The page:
Congress, City Spar over WASA
Council members Carol Schwartz and Jim Graham are fighting back -- or, at least, talking back -- in the wake of the Senate's move Monday to overturn a District law passed last year that would have increased city control over the D.C. Water and Sewer Authority. As the Post reported yesterday (second item), the Senate said no to the city's attempt to move the finances of WASA under the control of D.C. Chief Financial Officer Natwar M. Gandhi. The House also voted to overturn the city's law, approved last year by the D.C. Council.
City leaders said the move made sense as a way to increase oversight of WASA, created in the mid-1990s as a quasi-independent agency during the city's financial crisis. At that time, Mayor Marion Barry had used funds dedicated for the water and sewer system, which also serves parts of the Maryland suburbs, to cover budget shortfalls. Under the new set up, WASA was controlled by a board of directors, with representation from the District and the Maryland suburbs.
Now, Schwartz and Graham are cracking back on Congress, angered at the slap against home rule.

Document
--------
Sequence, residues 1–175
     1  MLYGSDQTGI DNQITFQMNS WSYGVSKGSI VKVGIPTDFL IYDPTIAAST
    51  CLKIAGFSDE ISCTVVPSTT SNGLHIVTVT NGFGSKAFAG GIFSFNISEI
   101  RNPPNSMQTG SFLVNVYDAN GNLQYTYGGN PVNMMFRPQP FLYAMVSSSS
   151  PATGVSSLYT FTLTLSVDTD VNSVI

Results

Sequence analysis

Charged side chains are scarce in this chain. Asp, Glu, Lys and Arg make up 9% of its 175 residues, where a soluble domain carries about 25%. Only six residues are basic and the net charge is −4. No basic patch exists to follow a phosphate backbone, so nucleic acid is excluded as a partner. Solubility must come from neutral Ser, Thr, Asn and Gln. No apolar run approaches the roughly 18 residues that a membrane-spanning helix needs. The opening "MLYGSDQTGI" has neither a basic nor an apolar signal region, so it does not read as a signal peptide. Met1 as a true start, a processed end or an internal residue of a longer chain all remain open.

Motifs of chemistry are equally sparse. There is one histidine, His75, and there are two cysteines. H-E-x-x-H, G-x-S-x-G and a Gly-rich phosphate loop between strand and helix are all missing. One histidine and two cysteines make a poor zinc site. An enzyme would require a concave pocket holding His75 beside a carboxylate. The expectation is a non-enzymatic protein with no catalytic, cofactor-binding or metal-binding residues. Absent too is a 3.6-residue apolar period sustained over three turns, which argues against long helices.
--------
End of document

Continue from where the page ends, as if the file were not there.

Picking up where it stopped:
"Once again, the District of Columbia has been kicked to the curb by Congress," Schwartz said in a statement. "The District pays 68% of WASA's operating costs, and all of WASA's facilities are located in, and owned by, the District of Columbia. For this reason, I have always felt that our independent and congressionally-mandated CFO should be involved in WASA's oversight. WASA provides drinking water only to DC residents and businesses and not to surrounding jurisdictions which receives only sewage treatment services. When we had the lead-in-the-water crisis some time ago, it was DC's drinking water that was affected, and no one else's. But Congress yesterday, took oversight of WASA away from DC's CFO - not a good thing!"
Graham said: "This is a serious violation of the rights of the people who pay the water bills in the District of Columbia."
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